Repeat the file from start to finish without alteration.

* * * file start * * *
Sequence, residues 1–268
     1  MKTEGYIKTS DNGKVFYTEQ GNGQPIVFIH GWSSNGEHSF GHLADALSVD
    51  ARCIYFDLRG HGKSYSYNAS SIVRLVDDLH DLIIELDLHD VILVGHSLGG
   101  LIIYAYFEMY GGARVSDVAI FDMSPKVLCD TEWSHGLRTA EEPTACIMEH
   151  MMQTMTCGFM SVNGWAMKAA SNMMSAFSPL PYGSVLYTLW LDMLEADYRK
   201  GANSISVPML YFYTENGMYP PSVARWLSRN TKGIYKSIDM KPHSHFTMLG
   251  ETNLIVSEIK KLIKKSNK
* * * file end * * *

Sequence, residues 1–268
     1  MKTEGYIKTS DNGKVFYTEQ GNGQPIVFIH GWSSNGEHSF GHLADALSVD
    51  ARCIYFDLRG HGKSYSYNAS SIVRLVDDLH DLIIELDLHD VILVGHSLGG
   101  LIIYAYFEMY GGARVSDVAI FDMSPKVLCD TEWSHGLRTA EEPTACIMEH
   151  MMQTMTCGFM SVNGWAMKAA SNMMSAFSPL PYGSVLYTLW LDMLEADYRK
   201  GANSISVPML YFYTENGMYP PSVARWLSRN TKGIYKSIDM KPHSHFTMLG
   251  ETNLIVSEIK KLIKKSNK